With only a 35 minute train journey into London, an average house price of £500,000, 79% of schools rated ‘good or above’ by Ofsted and buckets of that quintessentially British, cobbled street character, Guildford is an idyll for capital city commuters.
There is undeniably a healthy amount of wealth in the town and surrounding area, just take a look at the designer brand names that hang above the doors of its high street shops. But does being so close to London mean affluent individuals turn to the capital for their wealth management needs?
Speaking to John Devine (pictured), head of Thesis Asset Management’s Guildford office, he dispelled any concerns.
‘We don’t see London as a challenge. There are plenty of wealthy people outside of London who want a local, convenient service.
‘We do overlap with London, but a professional working in London might have family locally,’ he said.
I rather naively assumed prior to our conversation that the vast majority of their clients would be wealthy city-slickers. I asked Devine if they had a typical client, and to my surprise, the short answer was no.
‘We have all types of clients; young, old, business owners, retirees,’ he reeled off.
As seems to be increasingly common in the industry, their client-base is spread across the whole of the UK. The main similarity that Devine could draw between their clients, is that typically they use advisory services from local planning firms collaboratively with Thesis’ discretionary offering.
A large portion of Thesis’ recent business growth has focussed on building new relationships with financial planning firms.
‘We have made introductions to advisory firms from direct clients looking for advice needs. Thesis has been helping them identify where they can find the right financial planning service, and we benefit from that relationship with the planning firm,’ he told me.
Thesis has predominantly been working with small specialist practitioners, but also some larger financial planning offices that have bigger networks. Thesis, like many other discretionary fund managers (DFMs), is accessing new business channels through the advisory community. There is a decent level of wealth management competition in Guildford; Charles Stanley, Investec Wealth & Investment, Coutts, Smith & Williamson and Premier Asset Management all have a presence in the ‘heart of Surrey’.
‘Guildford is a hotspot for DFMs. It is not so much that there is strong competition amongst us, but it reflects the opportunities in the region,’ Devine said.
Despite the well populated DFM scene, Thesis is not struggling for business. They have recently taken on a number of consultancy and bespoke mandates.
‘Business growth is good and we are working with some promising advisers,’ he added.
Looking towards the next 12 to 18 months, Devine is eager for the Guildford office to grow further.
‘We are looking for acquisition opportunities of smaller DFMs, perhaps a business with less resource struggling to meet MIFID II requirements.’
He currently heads up a team of five investment professionals. However he is ‘open to looking at every opportunity to grow the office’ which would include adding to their headcount.
In July this year, Gaurav Gupta who featured in Citywire Wealth Manager’s Top 30 Under 30 left Thesis to join Punter Southall Investment Consulting in London. I wanted to know how Thesis attracts and retains young talent; London may not be a threat when it comes to losing clients but are the bright lights of the city too much of a draw for industry rising stars?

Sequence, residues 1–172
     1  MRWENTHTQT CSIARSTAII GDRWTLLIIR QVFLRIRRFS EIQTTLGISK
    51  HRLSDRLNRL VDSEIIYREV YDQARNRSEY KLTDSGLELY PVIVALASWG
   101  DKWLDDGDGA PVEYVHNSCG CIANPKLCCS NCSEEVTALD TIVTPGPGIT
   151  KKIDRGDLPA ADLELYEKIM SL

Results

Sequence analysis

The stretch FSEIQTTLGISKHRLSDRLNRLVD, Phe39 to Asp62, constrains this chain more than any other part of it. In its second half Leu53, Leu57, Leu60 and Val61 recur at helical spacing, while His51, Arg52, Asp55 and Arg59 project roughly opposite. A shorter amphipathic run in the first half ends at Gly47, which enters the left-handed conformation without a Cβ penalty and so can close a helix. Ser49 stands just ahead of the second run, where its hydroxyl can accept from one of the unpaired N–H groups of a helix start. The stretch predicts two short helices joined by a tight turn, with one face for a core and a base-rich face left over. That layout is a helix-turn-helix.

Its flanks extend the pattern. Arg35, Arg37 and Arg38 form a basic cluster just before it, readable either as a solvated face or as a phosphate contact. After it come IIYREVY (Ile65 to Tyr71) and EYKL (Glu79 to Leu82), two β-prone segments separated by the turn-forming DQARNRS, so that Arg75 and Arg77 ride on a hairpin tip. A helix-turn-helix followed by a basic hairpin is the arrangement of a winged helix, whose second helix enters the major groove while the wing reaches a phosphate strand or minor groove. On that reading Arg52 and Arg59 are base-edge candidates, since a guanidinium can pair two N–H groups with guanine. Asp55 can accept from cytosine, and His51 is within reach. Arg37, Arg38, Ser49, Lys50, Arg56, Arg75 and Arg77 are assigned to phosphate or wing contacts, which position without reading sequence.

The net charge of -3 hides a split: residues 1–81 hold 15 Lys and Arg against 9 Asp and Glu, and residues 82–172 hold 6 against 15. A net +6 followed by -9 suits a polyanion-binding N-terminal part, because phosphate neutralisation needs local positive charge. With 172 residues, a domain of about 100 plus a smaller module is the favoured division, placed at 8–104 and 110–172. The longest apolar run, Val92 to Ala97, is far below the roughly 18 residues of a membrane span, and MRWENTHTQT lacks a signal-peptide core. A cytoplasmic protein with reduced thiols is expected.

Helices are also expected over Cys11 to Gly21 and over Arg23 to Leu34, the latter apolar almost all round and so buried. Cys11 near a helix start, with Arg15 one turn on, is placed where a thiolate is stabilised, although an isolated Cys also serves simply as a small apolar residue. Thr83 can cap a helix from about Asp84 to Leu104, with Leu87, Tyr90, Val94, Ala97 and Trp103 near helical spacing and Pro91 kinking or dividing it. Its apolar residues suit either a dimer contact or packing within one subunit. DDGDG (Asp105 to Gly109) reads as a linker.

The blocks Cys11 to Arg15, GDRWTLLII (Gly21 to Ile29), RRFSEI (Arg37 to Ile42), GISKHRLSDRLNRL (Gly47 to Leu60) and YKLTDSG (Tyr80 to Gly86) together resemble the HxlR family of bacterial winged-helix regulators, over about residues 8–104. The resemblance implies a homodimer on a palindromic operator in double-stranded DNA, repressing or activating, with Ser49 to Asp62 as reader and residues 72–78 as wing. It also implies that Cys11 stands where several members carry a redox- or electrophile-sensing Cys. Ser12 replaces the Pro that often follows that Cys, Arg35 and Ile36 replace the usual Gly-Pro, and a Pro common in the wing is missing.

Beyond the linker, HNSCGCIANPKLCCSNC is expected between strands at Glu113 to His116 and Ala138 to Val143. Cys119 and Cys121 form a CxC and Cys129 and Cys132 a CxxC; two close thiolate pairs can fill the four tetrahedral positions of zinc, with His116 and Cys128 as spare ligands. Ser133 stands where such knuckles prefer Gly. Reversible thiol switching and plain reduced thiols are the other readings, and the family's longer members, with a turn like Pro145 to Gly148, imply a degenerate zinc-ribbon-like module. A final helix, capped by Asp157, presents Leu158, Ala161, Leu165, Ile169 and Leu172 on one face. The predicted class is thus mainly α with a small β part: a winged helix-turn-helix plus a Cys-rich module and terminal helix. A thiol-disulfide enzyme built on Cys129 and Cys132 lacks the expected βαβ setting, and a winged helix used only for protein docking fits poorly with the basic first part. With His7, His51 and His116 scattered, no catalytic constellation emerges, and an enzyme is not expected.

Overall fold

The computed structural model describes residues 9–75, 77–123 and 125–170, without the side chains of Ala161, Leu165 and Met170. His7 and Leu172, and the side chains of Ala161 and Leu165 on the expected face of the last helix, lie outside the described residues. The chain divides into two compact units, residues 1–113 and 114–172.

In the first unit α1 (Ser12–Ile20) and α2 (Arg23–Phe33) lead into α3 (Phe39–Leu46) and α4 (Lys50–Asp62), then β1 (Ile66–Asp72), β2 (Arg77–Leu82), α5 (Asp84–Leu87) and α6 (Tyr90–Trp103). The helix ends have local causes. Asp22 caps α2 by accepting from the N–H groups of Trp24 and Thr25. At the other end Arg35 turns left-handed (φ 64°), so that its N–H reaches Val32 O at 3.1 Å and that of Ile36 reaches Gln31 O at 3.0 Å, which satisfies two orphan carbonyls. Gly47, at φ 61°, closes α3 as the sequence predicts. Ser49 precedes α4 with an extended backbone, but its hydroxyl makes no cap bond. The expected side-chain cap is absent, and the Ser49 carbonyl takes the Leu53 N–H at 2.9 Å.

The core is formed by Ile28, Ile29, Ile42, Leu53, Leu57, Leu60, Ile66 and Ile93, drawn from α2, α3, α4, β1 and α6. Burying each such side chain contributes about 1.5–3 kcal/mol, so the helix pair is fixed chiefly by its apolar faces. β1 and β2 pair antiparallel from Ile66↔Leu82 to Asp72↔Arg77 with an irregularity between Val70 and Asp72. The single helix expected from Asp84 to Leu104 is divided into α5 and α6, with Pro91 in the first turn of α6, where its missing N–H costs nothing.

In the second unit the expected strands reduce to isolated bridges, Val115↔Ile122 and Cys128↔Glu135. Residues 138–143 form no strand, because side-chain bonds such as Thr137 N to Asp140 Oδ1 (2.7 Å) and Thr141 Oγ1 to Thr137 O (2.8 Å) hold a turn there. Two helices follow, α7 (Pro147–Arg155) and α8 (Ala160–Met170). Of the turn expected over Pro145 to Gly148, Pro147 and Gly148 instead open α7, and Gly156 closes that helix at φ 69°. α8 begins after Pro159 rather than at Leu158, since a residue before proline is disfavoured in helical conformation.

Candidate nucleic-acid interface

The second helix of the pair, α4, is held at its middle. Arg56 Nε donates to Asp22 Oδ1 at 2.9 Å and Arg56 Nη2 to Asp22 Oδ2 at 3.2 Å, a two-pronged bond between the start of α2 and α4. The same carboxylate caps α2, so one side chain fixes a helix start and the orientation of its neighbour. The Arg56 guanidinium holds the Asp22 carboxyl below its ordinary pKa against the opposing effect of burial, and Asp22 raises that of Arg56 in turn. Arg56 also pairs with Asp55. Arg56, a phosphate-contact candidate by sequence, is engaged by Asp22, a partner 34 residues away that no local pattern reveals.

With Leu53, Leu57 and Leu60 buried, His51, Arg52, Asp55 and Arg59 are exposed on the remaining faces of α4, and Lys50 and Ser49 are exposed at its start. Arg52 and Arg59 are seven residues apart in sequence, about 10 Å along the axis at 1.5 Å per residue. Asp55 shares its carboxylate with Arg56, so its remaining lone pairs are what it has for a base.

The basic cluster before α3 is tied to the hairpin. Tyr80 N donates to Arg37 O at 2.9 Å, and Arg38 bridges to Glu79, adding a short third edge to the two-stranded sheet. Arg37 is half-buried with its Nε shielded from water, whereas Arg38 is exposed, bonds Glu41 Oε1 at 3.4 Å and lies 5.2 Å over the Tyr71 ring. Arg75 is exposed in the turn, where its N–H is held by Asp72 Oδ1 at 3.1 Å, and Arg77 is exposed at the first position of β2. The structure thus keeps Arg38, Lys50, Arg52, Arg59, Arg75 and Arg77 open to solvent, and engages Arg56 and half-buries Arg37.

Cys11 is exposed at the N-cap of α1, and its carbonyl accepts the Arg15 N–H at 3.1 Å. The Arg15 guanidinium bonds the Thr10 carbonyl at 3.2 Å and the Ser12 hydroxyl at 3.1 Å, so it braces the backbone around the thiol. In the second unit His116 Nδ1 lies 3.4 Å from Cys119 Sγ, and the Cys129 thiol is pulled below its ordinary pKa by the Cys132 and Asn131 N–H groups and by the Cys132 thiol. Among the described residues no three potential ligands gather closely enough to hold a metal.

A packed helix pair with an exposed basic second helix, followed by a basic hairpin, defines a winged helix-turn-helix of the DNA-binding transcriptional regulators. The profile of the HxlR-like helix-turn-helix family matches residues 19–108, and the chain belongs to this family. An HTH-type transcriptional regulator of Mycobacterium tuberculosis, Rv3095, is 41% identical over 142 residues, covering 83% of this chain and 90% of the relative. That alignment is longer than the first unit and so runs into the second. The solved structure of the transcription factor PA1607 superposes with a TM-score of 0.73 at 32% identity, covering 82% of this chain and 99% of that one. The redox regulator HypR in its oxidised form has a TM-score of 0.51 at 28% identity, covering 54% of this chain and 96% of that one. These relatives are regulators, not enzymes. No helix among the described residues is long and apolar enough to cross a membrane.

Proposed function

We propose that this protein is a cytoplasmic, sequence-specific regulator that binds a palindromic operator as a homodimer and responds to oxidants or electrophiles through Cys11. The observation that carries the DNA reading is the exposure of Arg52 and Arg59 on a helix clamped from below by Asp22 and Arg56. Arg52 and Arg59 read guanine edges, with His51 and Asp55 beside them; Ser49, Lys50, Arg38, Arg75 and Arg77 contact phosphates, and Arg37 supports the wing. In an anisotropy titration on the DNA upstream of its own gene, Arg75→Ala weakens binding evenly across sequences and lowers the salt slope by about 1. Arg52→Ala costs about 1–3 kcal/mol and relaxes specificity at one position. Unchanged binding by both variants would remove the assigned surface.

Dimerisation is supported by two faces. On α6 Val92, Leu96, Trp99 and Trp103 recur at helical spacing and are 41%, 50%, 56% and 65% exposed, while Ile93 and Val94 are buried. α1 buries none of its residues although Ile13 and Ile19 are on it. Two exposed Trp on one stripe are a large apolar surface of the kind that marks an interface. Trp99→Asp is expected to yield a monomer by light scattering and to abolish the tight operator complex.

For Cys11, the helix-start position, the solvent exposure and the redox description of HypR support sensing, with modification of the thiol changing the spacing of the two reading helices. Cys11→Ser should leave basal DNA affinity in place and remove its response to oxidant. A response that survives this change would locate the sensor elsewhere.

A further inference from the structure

Although not answering my question directly, Devine’s own story shows that Thesis provides opportunity for graduate
‘I joined at entry level and trained up the ranks and now oversee the office,’ Devine demonstrated. ‘We will train new team members up; we let them have client exposure so they get that experience and also through the model portfolio service (MPS) they get exposure to the research side. Working at Thesis they can understand the full picture of wealth management.’
The team benefit from there being a university in Guildford that offers a Masters in finance and can use it as a talent pool for the next generation of investment professionals. Whilst Thesis do not have an official graduate scheme, Devine told me they have a relationship with professors at the university.
Thesis’ MPS is run out of the Guildford office and is headed by Steven Richards. Whilst the team did see the departure of Gupta, their model portfolio manager, Adam Burniston, who is responsible for fund selection, is an industry rising star and was featured in this year’s Citywire Wealth Manager’s Top 100.
An average portfolio size within the MPS is around £250,000. On the bespoke investment management side – Devine’s area of expertise – an average portfolio size is between £400,000 and £500,000.
In a bid to get more client referrals over the next year, the office will be broadening their suite of offerings. ‘We have some new services coming out in the coming months which will appeal to advisers, around IHT. I can’t say what they are yet but it is exciting,’ Devine safeguarded.
Being head of the office, it is part and parcel that he must maintain discretion on new developments. He has been in the position for nearly two and half years and I wanted to know how he has found it.
‘I have learnt new skills as head of the office. I’ve been managing portfolios for 10 years, but now I have to be responsible for the output of the office as well, so things like meeting sales targets. But that part has been fun as well, motivating the team and achieving goals,’ Devine said.
‘The best thing about living in Guildford is that we are on the edge of the countryside. I can walk into work but in 35 minutes I can also be in London.’
It certainly looks like Devine is in Guildford to stay.